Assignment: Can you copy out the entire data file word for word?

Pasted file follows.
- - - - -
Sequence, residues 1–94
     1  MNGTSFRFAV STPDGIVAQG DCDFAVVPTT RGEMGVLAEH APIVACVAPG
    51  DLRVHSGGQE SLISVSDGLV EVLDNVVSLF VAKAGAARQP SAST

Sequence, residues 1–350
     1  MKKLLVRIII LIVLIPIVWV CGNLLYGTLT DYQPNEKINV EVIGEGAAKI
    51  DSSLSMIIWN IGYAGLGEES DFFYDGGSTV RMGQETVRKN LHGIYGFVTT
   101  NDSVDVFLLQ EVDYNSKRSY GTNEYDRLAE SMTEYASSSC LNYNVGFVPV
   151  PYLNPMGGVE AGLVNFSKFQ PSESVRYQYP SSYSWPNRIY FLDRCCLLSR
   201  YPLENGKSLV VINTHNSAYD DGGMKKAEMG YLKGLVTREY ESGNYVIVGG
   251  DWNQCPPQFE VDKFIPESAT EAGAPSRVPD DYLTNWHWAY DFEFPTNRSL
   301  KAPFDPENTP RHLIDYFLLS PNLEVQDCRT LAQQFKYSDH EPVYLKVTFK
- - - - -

Sequence, residues 1–94
     1  MNGTSFRFAV STPDGIVAQG DCDFAVVPTT RGEMGVLAEH APIVACVAPG
    51  DLRVHSGGQE SLISVSDGLV EVLDNVVSLF VAKAGAARQP SAST

Sequence, residues 1–350
     1  MKKLLVRIII LIVLIPIVWV CGNLLYGTLT DYQPNEKINV EVIGEGAAKI
    51  DSSLSMIIWN IGYAGLGEES DFFYDGGSTV RMGQETVRKN LHGIYGFVTT
   101  NDSVDVFLLQ EVDYNSKRSY GTNEYDRLAE SMTEYASSSC LNYNVGFVPV
   151  PYLNPMGGVE AGLVNFSKFQ PSESVRYQYP SSYSWPNRIY FLDRCCLLSR
   201  YPLENGKSLV VINTHNSAYD DGGMKKAEMG YLKGLVTREY ESGNYVIVGG
   251  DWNQCPPQFE VDKFIPESAT EAGAPSRVPD DYLTNWHWAY DFEFPTNRSL
   301  KAPFDPENTP RHLIDYFLLS PNLEVQDCRT LAQQFKYSDH EPVYLKVTFK